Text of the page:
Children With Hyperhidrosis

    Although hyperhidrosis usually begins at the end of childhood, it can affect younger children. Estimates show that about 1.6% of adolescents struggle with excessive sweating and that .6% of prepubertal children are affected by hyperhidrosis. Unfortunately, children with hyperhidrosis frequently develop psychological and social distress if they are left untreated. If hyperhidrosis is caught early and treated, then many of the negative effects of the condition can be avoided. This is why early detection and management is so critical for children living with hyperhidrosis. While some treatments options are not available to children, many are. These options include the use of antiperspirants, some oral medications, iontophoresis, botox injections, and certain lifestyle modifications.[1]

    Treatment Options

    Currently, there is no cure for hyperhidrosis. However, there are many effective options that people can use to manage their sweat. The treatment a patient receives depends on where their sweating is the worst. Here are the treatment options available for each body region affected by PFH:

  • Treatments for axillary (armpit) hyperhidrosis:Over-the-counter and prescription antiperspirants, botox injections, local permanent surgical procedures, Qbrexza, oral medications, or a surgery called endoscopic thoracic sympathectomy.
  • Treatments for sweaty hands:Antiperspirants, iontophoresis, oral medications, and botox injections. People with severe palmar (hand) hyperhidrosis can get a surgical procedure called endoscopic thoracic sympathectomy.
  • Treatments for sweaty feet:Antiperspirants, iontophoresis, oral medications, and botox injections. There is a similar procedure for plantar (foot) hyperhidrosis called endoscopic thoracic sympathectomy but can be risky and most doctors don’t recommend it.
  • Treatments for craniofacial hyperhidrosis:Antiperspirants, oral medications, botox injections, or possibly surgery.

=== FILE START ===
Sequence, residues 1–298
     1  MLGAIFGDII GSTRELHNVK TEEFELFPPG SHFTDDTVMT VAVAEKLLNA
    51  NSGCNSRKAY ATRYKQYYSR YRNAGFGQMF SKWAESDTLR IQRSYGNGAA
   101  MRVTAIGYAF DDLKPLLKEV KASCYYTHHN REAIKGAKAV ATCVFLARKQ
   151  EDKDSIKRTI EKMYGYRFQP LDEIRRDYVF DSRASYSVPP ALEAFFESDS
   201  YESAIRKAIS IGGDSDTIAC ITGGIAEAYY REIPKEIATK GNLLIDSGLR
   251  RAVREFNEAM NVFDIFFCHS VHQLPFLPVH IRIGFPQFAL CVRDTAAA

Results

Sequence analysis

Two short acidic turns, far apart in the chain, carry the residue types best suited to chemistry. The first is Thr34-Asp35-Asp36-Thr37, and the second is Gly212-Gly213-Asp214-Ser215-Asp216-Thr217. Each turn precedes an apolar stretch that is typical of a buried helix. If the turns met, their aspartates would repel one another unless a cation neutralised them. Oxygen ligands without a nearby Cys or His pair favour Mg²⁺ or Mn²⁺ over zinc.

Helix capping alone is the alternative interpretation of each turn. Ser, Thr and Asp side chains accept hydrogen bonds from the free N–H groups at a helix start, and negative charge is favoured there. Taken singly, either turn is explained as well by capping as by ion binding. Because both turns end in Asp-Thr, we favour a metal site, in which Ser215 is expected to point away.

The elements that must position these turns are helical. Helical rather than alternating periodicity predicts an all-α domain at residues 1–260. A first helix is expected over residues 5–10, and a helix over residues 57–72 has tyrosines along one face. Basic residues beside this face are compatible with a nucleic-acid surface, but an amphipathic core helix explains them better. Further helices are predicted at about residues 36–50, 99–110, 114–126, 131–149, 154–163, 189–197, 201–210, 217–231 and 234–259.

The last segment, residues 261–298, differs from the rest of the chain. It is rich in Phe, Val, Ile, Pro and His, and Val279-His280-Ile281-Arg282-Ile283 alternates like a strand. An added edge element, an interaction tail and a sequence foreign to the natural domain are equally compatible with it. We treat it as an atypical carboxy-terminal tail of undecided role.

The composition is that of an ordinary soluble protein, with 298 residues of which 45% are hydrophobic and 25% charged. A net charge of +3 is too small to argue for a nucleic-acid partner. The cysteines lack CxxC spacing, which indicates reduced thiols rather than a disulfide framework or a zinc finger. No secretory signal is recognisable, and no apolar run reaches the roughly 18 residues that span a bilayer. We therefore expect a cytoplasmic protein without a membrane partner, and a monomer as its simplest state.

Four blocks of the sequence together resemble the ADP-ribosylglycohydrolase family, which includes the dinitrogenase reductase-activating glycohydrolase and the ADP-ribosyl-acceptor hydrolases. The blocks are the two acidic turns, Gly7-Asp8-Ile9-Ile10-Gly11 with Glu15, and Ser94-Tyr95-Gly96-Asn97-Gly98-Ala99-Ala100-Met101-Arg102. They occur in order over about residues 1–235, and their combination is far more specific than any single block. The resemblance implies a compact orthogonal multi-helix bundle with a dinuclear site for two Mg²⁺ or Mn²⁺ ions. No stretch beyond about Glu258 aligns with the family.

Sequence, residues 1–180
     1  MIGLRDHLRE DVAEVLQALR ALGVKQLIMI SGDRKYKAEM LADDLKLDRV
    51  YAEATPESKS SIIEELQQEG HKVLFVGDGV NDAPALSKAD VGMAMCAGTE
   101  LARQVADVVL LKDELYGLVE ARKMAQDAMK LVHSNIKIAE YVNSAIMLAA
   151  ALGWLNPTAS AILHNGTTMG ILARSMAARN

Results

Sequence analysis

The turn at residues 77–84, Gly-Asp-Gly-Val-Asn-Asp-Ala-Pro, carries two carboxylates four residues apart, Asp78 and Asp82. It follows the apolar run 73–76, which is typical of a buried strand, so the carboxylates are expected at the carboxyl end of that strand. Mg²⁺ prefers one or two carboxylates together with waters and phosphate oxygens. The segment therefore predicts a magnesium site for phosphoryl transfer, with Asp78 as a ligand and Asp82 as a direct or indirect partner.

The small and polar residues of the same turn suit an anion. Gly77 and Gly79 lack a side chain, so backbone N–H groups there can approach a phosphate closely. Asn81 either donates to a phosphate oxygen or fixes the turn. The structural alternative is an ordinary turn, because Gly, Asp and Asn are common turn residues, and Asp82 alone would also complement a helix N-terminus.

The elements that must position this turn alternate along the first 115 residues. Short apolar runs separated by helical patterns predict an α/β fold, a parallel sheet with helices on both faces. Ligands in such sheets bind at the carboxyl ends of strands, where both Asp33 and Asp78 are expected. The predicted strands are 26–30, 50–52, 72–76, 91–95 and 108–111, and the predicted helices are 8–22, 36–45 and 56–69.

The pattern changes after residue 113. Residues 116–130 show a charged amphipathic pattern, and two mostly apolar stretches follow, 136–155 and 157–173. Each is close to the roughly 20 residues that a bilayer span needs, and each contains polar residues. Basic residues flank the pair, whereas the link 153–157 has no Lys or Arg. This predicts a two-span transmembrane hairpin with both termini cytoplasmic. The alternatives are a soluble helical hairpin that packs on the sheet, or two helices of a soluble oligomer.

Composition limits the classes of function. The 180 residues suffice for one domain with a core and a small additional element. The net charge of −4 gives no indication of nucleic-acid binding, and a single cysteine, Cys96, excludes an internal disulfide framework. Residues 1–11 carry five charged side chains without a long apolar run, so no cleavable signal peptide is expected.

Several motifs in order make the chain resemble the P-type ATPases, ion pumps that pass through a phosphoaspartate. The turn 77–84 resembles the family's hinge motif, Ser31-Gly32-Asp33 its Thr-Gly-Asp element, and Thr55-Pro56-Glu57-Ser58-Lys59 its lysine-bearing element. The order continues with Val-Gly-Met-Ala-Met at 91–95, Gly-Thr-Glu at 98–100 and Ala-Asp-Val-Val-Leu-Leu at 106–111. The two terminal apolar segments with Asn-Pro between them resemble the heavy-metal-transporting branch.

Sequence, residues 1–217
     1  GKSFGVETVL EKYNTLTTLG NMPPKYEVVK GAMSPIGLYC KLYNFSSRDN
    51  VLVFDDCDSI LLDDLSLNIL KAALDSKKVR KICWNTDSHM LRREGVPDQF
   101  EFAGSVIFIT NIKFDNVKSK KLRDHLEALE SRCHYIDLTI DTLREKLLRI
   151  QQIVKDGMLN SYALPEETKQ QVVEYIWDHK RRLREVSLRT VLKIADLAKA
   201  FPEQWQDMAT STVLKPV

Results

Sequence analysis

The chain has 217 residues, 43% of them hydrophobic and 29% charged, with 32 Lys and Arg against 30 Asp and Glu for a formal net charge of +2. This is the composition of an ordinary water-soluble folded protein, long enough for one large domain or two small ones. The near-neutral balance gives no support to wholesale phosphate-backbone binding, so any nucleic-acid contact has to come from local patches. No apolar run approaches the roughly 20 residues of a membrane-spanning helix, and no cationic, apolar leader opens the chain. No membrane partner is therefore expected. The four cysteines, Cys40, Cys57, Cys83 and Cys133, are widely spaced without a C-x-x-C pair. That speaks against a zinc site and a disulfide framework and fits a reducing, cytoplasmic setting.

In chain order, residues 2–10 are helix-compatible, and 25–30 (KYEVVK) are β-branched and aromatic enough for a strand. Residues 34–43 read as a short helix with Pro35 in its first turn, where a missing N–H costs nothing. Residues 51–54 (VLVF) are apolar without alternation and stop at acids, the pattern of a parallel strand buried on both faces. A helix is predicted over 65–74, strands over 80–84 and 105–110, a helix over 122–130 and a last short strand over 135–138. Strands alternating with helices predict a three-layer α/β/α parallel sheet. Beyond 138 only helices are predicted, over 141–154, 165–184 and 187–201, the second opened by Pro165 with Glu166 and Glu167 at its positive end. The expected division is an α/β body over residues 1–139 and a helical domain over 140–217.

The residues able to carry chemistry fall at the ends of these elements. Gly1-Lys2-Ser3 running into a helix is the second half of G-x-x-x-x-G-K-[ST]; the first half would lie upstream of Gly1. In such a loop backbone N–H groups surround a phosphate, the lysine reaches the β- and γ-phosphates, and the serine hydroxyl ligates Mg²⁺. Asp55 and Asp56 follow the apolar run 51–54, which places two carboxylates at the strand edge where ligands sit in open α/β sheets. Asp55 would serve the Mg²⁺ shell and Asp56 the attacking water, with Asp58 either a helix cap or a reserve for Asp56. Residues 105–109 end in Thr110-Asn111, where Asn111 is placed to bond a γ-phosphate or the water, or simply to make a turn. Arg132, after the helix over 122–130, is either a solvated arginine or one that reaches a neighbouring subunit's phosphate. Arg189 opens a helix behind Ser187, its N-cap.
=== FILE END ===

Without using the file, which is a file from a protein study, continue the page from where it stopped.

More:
• Each treatment has its own risks and benefits. Antiperspirant use, for example, has very little risk compared to one of the more invasive procedures, like endoscopic thoracic sympathectomy. Surgery to correct excessive sweating can lead to the development of serious complications, like compensatory sweating, that might deter some patients from choosing it. This is why it is critical for patients to discuss their options with a doctor so that they can make the most informed decision about their medical treatment for their own individual circumstances. The solution that will work for you is highly individual and it will depend on your medical situation, personal preferences, and your doctor’s advice. With the right treatment most people see a significant improvement in the quality of life so it is worth it to try and figure out what works for you.[1]

    The treatments discussed above are established therapies that have been around for a significant amount of time, but there are new treatments being developed every year. For example, in late 2018, a new product called Qbrexza came out. It is a wipe that uses topical Glycopyrronium Tosylate to prevent and lessen axillary sweating.[3] There are also different types of laser therapies being developed that may be able to stop sweat glands from producing excessive amounts of sweat.[1] As time goes on treatments will become more accessible for everyone, and hopefully, hyperhidrosis will have a less profound impact on those who have to deal with it.

    Sources
    1. Pariser, D. M. (2014). Hyperhidrosis (4th ed., Vol. 32). Philadelphia, PA: Elsevier. Retrieved from https://www.elsevier.com/books/hyperhidrosis-an-issue-of-dermatologic-clinics/pariser/978-0-323-32607-0